In operation, charge may be transferred onto the floating gate 21 by application of proper voltages of the control poly electrode and the drain electrode.
With reference to FIG. 2, memory array 41 has rows and columns that feature non-volatile memory transistors 43 that are the devices shown in FIG. 1. Each device defines a memory cell in the x-y memory array 41. The array includes word lines 45 and 47, bit lines 55, 57, and 59, as well as control poly lines 65, 67, and 69. The word lines 45 and 47 are associated with the control poly region 27 in FIG. 1. Each word line makes simultaneous electrical contact with a control poly layer that is common to all memory cells aligned with a notch 32. At the same time, the tunnel poly lines 65, 67, and 69 make contact with respective tunnel poly regions 31 in FIG. 1. Although the word lines 45 and 47 intersect the tunnel poly lines 65, 67, and 69 in FIG. 2 there is no electrical contact between these lines. Note that the bit lines 55, 57, and 59 connect to one electrode of the devices of a common column, say the source electrode, while the other subsurface electrode, the drain, is connected to a common array electrode on common line 60 that is held at a potential explained below in reference to FIGS. 3-5. By manipulating voltages on the word lines, bit lines, tunnel poly lines, and the common array electrode, appropriate voltages for writing, erasing and reading memory cells may be applied to the lines. Please note that select transistors and x-y address circuitry is not shown in order to simplify understanding of the invention, but such circuitry is well known to those skilled in the art.
In FIG. 3 voltages for writing are indicated on the various lines, with the arrow A designating a charge storage operation in which electrical charge is stored on the floating poly gate 21 in FIG. 1. A voltage of +2V is applied to word line 45 while a voltage of −2V is applied to tunnel poly line 65, a +VD voltage is applied to bit line 55 and a +VD voltage is applied to common source line 60. The value of the voltage +VD depends on the dimensions of source and drain electrodes, as well as other dimensions of the memory array. A typical range of voltage for +VD and −VD might be +3.0 V to −3.0 V.
In FIG. 4 voltages for erasing are indicated on the various lines, with the arrow B designating an erase operation in which electrical charge is cleared from the floating poly gate 21 in FIG. 1. A voltage of −2V is applied to word line 45 while a voltage of +2.5 V is applied to tunnel poly line 65, a −VD voltage is applied to bit line 55 and a −VD voltage is applied to common source line 60.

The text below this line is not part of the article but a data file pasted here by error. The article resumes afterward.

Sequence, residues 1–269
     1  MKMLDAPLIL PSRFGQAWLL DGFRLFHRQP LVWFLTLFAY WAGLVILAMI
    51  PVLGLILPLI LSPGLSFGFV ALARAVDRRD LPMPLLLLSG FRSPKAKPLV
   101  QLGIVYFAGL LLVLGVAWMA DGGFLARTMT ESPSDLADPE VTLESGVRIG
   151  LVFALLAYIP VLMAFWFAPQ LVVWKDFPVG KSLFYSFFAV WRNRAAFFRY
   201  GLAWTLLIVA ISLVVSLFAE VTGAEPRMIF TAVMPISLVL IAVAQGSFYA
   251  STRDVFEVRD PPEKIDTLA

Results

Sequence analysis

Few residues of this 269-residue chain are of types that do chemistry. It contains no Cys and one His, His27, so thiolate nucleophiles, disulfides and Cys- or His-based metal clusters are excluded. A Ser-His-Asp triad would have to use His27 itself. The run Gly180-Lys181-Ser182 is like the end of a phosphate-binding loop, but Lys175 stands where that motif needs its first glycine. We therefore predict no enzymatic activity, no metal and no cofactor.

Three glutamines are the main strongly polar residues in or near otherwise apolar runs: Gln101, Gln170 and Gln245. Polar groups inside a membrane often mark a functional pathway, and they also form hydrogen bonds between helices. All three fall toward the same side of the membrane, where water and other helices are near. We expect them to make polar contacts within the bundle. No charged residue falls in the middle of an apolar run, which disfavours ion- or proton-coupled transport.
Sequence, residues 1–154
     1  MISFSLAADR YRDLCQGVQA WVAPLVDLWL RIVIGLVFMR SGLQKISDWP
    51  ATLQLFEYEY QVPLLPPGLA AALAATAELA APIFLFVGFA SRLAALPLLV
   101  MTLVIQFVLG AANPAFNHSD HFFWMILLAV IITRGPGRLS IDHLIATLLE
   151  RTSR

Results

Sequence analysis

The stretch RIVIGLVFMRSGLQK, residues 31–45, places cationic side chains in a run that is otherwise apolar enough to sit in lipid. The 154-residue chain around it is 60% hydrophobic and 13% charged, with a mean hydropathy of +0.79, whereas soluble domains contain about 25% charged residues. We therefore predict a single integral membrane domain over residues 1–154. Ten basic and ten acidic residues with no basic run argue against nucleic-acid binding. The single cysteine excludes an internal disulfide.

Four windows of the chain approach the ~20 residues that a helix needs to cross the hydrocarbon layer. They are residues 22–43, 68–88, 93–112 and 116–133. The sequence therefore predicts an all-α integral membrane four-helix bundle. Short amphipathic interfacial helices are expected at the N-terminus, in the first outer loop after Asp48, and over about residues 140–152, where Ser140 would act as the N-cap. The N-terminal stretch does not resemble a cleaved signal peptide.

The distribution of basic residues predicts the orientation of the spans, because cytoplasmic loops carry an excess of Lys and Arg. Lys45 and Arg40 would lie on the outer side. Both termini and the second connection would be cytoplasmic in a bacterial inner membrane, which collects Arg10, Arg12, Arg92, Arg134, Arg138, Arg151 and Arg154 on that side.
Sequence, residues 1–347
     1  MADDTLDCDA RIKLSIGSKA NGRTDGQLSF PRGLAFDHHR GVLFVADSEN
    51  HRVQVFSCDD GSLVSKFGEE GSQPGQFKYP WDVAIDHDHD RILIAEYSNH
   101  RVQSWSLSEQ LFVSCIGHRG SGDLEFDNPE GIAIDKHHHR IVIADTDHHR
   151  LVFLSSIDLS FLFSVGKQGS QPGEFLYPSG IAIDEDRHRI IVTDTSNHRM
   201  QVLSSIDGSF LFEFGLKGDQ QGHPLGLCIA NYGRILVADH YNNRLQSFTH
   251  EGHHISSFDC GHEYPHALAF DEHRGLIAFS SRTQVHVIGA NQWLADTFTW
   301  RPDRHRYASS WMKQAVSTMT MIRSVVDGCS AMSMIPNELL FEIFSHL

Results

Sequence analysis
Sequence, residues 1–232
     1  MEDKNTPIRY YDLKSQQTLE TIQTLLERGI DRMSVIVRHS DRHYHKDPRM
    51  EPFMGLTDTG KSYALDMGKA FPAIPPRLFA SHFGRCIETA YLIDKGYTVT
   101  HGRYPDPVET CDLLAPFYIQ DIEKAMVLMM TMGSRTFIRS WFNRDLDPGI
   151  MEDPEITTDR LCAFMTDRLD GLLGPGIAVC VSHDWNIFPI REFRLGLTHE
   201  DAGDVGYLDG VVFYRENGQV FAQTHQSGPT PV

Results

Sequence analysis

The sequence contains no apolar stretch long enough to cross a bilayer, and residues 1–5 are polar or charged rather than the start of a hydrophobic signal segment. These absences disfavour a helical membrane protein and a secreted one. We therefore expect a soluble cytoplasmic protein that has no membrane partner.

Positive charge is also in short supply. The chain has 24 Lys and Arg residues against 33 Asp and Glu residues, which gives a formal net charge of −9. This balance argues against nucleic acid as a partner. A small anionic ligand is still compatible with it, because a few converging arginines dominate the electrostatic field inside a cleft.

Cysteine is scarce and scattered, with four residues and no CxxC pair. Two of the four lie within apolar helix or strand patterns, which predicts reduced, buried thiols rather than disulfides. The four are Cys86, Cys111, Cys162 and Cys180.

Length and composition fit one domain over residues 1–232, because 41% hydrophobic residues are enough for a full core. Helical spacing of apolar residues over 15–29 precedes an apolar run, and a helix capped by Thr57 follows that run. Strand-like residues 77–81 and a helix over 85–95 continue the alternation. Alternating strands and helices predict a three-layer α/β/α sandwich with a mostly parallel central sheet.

In FIG. 5 voltages for reading of stored charge or the absence of stored charge on the floating poly gate 21 in FIG. 1 are indicated on the various lines. A voltage of VD is applied to word line 45 while the tunnel poly line 65 is held floating, a +VD voltage is applied to bit line 55 while common source line 60 is held at ground potential. A sense transistor, not shown, is used to measure current from a memory cell relative to a threshold to determine the state of charge of the memory cell. Such sense transistors and associated circuitry are well known in the art.
In FIG. 6, the substrate 13 is seen to have a base layer 14 made of p-type material that is part of a doped semiconductor wafer. Over the base layer 14, a doped N+ epi layer 15 is formed. Electrical conductivity is sufficient that the layer forms a source electrode, i.e., the common line 60 in FIG. 2, termed source layer 15. Thickness of the source layer 15 is typically in the range of 500 Å-1500 Å but the thickness is not critical. Above source layer 15, an N epi well layer 17 that is considerably thicker than the epi layer 15, say 2500 Å-5000 Å thick. Into this well layer 17 a blanket boron field N+ implant layer 24 is formed. Boron field implant layer 24 is about 1 k Å thick.
In FIG. 7, field implant layer 25 is seen to have been covered by a pad oxide layer 25. Over this layer, a resist layer 26 is uniformly deposited across the wafer or wafer portion where devices are being fabricated. The resist layer 26 is patterned to create openings 22, 28 for an ion beam, indicated by arrows B, to created doped N+ drain regions 19 extending into the upper portion of well layer 17. The resist layer 26 is stripped away by conventional methods and the oxide surface is cleaned before deposition of a nitride layer 30 across the wafer portion where devices are being fabricated, as seen in FIG. 8. Nitride layer 30 is insulative and has a thickness sufficient to support a new photoresist mask 34 with openings 36 centered on drain regions 19 but not as wide as the drain regions. The openings 36 are used to pattern a deep etch through all layers 30, 25, 24, implant regions 19, and well layer 17 and extending partly into N+ source layer 15. The photoresist mask 34 is then removed, leaving nitride layer 30 as the top layer, as seen in FIG. 9.
In FIG. 9, the deep etch trenches 20 are seen to split drain regions 19 so that the drain regions surround the uppermost region of trenches 20. In FIG. 10 the trenches 20 are lined with a thermal oxide lining 23, i.e., a gate oxide, then filled with polysilicon plugs that become floating polysilicon gates 21. Conductivity of the polysilicon plugs is adjusted by ion implantation into the plugs. The nitride layer 30 is then removed using a wet etch and the poly floating gates 21 are planarized with a dry etch. A top oxide sealant layer 29 is applied across the top of the device region as seen in FIG. 11. The thickness of this layer is approximately 40 Angstroms but his is not critical.
In FIG. 12, a thin P+ control poly layer 27, approximately 50 Angstroms thick extends over the pad oxide layer 25. The control poly layer 27 will function as a control gate as explained with reference to FIG. 2. Above the control poly layer 27 is tunnel oxide layer 29 which is also thin, say between 20 and 40 Angstroms thick. Above the tunnel oxide layer 29, a chemical vapor deposition oxide layer 33, sometimes known as TEOS, is deposited with a thickness in the range of 500-1000 Angstroms. A nitride layer, not shown, may optionally be deposited over oxide layer 33. Next, a photoresist layer 38 is deposited over oxide layer 33 and then patterned to create openings that form notch 32. The oxide in notch 32 is removed with an etch before the photoresist is removed. The wafer is cleaned and tunnel oxide is applied in the notch 32. Tunnel poly plugs 31 are applied over individual floating gates to drive electrical charge to and from the poly floating gates 21, as seen in FIG. 1.